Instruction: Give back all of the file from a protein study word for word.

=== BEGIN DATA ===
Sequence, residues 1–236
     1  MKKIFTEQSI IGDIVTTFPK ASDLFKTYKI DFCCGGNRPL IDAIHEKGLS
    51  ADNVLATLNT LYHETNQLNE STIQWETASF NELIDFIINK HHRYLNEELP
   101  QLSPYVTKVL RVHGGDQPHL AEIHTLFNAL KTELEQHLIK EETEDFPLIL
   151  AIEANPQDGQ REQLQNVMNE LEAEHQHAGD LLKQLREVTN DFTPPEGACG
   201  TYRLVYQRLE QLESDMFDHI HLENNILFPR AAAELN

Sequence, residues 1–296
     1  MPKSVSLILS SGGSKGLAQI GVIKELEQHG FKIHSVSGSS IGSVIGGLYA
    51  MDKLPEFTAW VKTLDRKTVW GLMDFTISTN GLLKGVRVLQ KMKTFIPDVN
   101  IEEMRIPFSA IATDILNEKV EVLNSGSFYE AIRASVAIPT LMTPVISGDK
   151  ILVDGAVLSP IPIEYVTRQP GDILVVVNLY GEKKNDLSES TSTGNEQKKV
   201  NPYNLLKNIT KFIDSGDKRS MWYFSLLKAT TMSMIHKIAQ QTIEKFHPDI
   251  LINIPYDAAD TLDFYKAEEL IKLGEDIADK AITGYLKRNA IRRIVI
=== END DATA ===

Sequence, residues 1–236
     1  MKKIFTEQSI IGDIVTTFPK ASDLFKTYKI DFCCGGNRPL IDAIHEKGLS
    51  ADNVLATLNT LYHETNQLNE STIQWETASF NELIDFIINK HHRYLNEELP
   101  QLSPYVTKVL RVHGGDQPHL AEIHTLFNAL KTELEQHLIK EETEDFPLIL
   151  AIEANPQDGQ REQLQNVMNE LEAEHQHAGD LLKQLREVTN DFTPPEGACG
   201  TYRLVYQRLE QLESDMFDHI HLENNILFPR AAAELN

Sequence, residues 1–296
     1  MPKSVSLILS SGGSKGLAQI GVIKELEQHG FKIHSVSGSS IGSVIGGLYA
    51  MDKLPEFTAW VKTLDRKTVW GLMDFTISTN GLLKGVRVLQ KMKTFIPDVN
   101  IEEMRIPFSA IATDILNEKV EVLNSGSFYE AIRASVAIPT LMTPVISGDK
   151  ILVDGAVLSP IPIEYVTRQP GDILVVVNLY GEKKNDLSES TSTGNEQKKV
   201  NPYNLLKNIT KFIDSGDKRS MWYFSLLKAT TMSMIHKIAQ QTIEKFHPDI
   251  LINIPYDAAD TLDFYKAEEL IKLGEDIADK AITGYLKRNA IRRIVI